When a net.tcp binding enables port sharing (by setting portSharingEnabled =true on the transport binding element), it implicitly allows an external process (namely the SMSvcHost.exe, which hosts the Net.TCP Port Sharing Service) to manage the TCP socket on its behalf.

Hence, I need to add the Sid of my NAV Service Account to the SMSvcHost.exe.config file.  I could do this manually, but I am a programmer!

Another powershell script was born.  This one could also be converted to a function.  Before executing the script make sure to update the user and domain in the top of the script.  Be smart and execute this function before updating the NAV Services with the script above.

[code lang=”powershell”]
#Modify User and Domain to fit your environment
$UserToAdd = ‘srvNAV’
$UserDomainToAdd = ‘DYNAMICS’

#Initial Values
$UserSidFound = ‘false’
$ConfigurationSet = ‘false’

#Net.Tcp Port Sharing Service Name
$ServiceName = ‘NetTcpPortSharing’

#Get SID for the Service User
$UserSid = ([wmi] "win32_userAccount.Domain=’$UserDomainToAdd’,Name=’$UserToAdd’").SID

#Get Path for SMSvcHost.exe.config file
$SMSvcHostPath = (Get-WmiObject win32_service | ?{$_.Name -like $ServiceName} ).PathName
$SMSvcHostPathConfig = $SMSvcHostPath + ‘.config’

Write-Host "Reading XML from $SMSvcHostPathConfig"
#Read Config file
$xmlDoc = [xml] (Get-Content $SMSvcHostPathConfig)

Write-Host "Looking for access permission for $UserSid"
#Loop through allowed accounts and search for the service user Sid
$allowAccounts = Select-Xml "configuration/system.serviceModel.activation/net.tcp/allowAccounts/add" $xmlDoc
$allowAccounts | ForEach-Object {
$ConfiguredSid = $_.Node.Attributes.Item(0).Value
if ($ConfiguredSid -eq $UserSid) {$UserSidFound = ‘true’}
$ConfigurationSet = ‘true’
Write-Host "Found SID $ConfiguredSid"

#Act if Access Configuration is not enabled
if ($ConfigurationSet -eq ‘false’) {Write-Host "Access permission not configured"
$config = [xml] ‘<system.serviceModel.activation>
<net.tcp listenBacklog="10" maxPendingConnections="100" maxPendingAccepts="2" receiveTimeout="00:00:10" teredoEnabled="false">
<add securityIdentifier="S-1-5-18"/>
<add securityIdentifier="S-1-5-19"/>
<add securityIdentifier="S-1-5-20"/>
<add securityIdentifier="S-1-5-32-544" />
<net.pipe maxPendingConnections="100" maxPendingAccepts="2" receiveTimeout="00:00:10">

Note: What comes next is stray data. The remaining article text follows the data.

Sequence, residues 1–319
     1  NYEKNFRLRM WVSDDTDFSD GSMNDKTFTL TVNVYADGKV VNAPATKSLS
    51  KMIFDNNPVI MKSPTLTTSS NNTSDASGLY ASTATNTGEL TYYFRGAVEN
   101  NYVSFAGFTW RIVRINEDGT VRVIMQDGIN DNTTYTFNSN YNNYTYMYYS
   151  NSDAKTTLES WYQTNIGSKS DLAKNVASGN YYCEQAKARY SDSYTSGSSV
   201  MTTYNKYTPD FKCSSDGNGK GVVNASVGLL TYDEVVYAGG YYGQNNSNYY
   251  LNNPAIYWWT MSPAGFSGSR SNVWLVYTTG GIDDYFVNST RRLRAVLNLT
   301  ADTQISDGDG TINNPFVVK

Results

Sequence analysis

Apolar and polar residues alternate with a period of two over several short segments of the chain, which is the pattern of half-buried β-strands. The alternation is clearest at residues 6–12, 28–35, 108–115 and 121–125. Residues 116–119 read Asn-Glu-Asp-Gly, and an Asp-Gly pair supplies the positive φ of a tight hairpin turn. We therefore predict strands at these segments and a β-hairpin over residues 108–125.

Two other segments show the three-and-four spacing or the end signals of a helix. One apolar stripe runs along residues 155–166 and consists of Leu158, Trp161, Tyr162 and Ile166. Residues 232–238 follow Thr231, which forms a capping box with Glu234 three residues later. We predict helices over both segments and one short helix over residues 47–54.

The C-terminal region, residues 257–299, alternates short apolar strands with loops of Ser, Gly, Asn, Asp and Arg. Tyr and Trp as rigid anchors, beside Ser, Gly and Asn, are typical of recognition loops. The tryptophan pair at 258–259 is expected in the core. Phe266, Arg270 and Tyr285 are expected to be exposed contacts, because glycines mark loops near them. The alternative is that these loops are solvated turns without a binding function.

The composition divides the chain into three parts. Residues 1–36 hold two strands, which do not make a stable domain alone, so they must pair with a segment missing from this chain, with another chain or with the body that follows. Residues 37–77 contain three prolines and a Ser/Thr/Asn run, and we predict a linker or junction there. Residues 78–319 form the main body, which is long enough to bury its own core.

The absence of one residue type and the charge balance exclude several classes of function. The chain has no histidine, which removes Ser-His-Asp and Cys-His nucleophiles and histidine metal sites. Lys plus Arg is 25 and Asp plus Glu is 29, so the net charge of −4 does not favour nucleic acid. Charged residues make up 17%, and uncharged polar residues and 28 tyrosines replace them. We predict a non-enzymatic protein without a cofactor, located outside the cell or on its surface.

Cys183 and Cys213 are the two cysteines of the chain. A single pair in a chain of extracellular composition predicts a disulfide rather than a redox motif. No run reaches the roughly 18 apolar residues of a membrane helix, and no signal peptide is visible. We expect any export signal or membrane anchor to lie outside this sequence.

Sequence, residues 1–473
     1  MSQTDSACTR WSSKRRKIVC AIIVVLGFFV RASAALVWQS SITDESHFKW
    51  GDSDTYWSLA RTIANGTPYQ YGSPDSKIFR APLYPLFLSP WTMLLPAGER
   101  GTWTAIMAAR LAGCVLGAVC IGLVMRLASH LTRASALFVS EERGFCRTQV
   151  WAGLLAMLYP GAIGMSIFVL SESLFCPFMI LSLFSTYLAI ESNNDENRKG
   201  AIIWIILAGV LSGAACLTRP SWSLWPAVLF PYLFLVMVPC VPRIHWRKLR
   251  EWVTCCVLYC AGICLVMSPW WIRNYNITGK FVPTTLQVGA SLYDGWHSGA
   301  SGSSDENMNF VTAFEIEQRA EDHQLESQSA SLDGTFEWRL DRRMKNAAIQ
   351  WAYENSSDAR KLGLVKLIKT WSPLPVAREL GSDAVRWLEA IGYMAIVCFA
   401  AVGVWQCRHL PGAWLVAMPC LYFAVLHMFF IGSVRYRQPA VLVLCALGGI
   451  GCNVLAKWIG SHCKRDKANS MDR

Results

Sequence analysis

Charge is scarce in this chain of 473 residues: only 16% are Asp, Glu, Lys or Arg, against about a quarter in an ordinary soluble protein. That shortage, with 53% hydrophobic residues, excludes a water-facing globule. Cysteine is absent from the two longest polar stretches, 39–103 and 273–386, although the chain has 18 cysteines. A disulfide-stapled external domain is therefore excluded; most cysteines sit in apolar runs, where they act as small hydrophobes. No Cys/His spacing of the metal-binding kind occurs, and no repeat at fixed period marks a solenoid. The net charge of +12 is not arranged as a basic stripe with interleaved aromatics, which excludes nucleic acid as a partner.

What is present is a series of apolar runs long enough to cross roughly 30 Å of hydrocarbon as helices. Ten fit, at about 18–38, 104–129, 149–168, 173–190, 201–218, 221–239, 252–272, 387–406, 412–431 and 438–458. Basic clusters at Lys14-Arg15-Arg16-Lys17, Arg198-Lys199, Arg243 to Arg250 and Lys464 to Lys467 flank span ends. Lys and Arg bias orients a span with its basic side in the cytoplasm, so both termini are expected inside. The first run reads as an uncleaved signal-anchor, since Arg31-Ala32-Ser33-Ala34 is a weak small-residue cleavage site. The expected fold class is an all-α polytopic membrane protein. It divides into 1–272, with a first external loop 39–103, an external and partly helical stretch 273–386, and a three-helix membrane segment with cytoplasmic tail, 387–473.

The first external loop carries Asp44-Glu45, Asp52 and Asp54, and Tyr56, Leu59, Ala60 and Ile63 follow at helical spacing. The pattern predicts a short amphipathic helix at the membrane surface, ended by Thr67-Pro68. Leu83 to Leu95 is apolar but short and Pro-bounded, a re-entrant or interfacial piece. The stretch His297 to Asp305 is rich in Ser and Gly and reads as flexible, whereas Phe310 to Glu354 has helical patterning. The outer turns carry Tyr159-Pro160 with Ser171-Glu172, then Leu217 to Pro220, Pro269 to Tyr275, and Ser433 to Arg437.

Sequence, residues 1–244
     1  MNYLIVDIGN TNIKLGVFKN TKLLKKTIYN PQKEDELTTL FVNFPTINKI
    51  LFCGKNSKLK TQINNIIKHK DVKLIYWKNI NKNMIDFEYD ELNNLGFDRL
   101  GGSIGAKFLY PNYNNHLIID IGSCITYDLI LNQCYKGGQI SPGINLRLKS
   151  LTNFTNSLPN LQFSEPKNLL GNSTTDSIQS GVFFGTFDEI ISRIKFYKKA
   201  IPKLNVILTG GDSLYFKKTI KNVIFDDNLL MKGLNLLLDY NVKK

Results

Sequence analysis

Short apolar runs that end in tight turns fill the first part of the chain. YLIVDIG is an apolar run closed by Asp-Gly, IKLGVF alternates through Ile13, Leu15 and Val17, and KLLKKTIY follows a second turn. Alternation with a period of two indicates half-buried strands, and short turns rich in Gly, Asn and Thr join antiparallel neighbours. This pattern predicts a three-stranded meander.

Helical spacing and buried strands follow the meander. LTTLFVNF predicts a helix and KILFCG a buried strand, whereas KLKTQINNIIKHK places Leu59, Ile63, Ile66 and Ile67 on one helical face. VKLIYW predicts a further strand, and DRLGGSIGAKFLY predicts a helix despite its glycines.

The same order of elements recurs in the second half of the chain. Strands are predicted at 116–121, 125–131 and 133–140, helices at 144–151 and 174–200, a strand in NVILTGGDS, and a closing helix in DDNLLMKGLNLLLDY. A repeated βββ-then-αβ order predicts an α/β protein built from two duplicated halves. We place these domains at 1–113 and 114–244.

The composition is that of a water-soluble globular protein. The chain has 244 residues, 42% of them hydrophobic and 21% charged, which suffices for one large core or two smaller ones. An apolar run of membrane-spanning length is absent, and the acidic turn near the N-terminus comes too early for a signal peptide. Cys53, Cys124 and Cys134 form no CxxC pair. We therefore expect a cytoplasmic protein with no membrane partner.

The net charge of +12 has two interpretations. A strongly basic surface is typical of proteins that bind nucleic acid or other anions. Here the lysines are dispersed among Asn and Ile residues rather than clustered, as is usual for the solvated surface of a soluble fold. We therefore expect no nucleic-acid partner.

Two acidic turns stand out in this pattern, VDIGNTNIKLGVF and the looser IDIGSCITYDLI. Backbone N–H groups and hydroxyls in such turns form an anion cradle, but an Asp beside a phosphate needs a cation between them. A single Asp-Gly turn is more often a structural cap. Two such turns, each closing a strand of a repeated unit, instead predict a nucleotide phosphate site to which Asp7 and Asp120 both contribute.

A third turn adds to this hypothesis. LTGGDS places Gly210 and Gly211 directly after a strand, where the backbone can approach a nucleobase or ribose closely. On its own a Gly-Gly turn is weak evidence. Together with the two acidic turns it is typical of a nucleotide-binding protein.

<add securityIdentifier="S-1-5-18"/>
<add securityIdentifier="S-1-5-19"/>
<add securityIdentifier="S-1-5-20"/>
<add securityIdentifier="S-1-5-32-544" />
<diagnostics performanceCountersEnabled="true" />

$configurationNode = $xmlDoc.DocumentElement
$newConfig = $xmlDoc.ImportNode($config.DocumentElement, $true)

$allowAccounts = Select-Xml "configuration/system.serviceModel.activation/net.tcp/allowAccounts/add" $xmlDoc
$allowAccounts | ForEach-Object {
$ConfiguredSid = $_.Node.Attributes.Item(0).Value
Write-Host "Found SID $ConfiguredSid"
if ($ConfiguredSid -eq $UserSid) {$UserSidFound = ‘true’}
$ConfigurationSet = ‘true’


#Add Service User Sid if needed
if ($UserSidFound -ne ‘true’) {
$nettcp = $xmlDoc.SelectSingleNode("configuration/system.serviceModel.activation/net.tcp/allowAccounts")
$addNode = $xmlDoc.CreateElement(‘add’)
$secIden = $xmlDoc.CreateAttribute(‘securityIdentifier’)
$secIden.Value = $UserSid

Write-Host "Configuration Updated"
#Restart Service if running
if ((Get-Service NetTcpPortSharing).Status -eq "Running") {Restart-Service NetTcpPortSharing -Force}


This script will search for the SMSvcHost.exe.config file, load it and check to see if the NAV Service User is already allowed access.  If not then the config file is updated and saved.  This script must be executed with administrative privileges.

Perhaps this should be what I started with, but the question; why do we need this, should be answered.

First, modifying the startup mode to delayed start is done to make sure that all the required networking and database processes have been started before the NAV Service starts.  This is very important if the SQL Server is running on the same server.  On a dedicated NAV Service server this is not as important but still recommended.

Secondly, accessing a NAV Service in most cases requires changes to a firewall.  Either to open a specific port or setting up a NAT from a public interface.  To minimize the number of ports used also minimizes the networking setup and maintenance.  If different network permissions or network access is required I recommend using separate ports for the NAV Services.

Please add block possibility to Permission table

Yesterday I suggested to Microsoft an enhancement to the permission functionality.  That was an informal suggestion so I logged into Microsoft Connect and added a formal suggestion.

In table 2000000005 Permission we can assign permission to objects.  In the Classic Client we had the possibility to assign permissions to objects with the type System.  This is not working in the NAV 2013 (R2) client.

This causes a problem, for example a user with SUPER (Data) permission can delete a company from the database.

I suggest that a new option be added to fields 6, 7, 8, 9, 10 in the above table.
Current option string is ” ,Yes,Indirect”
The new option string would be ” ,Yes,Indirect,Blocked”

If an access type is blocked in any permission entry the access will be blocked even if there is access in another permission set.

I would for example add a line to the Permission table for the SUPER (Data) permission set that will block Insert, Modify and Delete for table 2000000006 Company.

Please help me by voting for the suggestion.

Using a .dll proxy for web services

I have now completed my first all-dotnet codeunit.  The codeunit uses a dll file that I created from the web service WDSL.  This makes the programming a lot easier.

This solution has a BLOB fields that stores both incoming and outgoing xml.  When I use a proxy dll I don’t build a xml document and I never handle xml documents.  Again dotnet has a solution.  I use xml serializer from the system.xml object.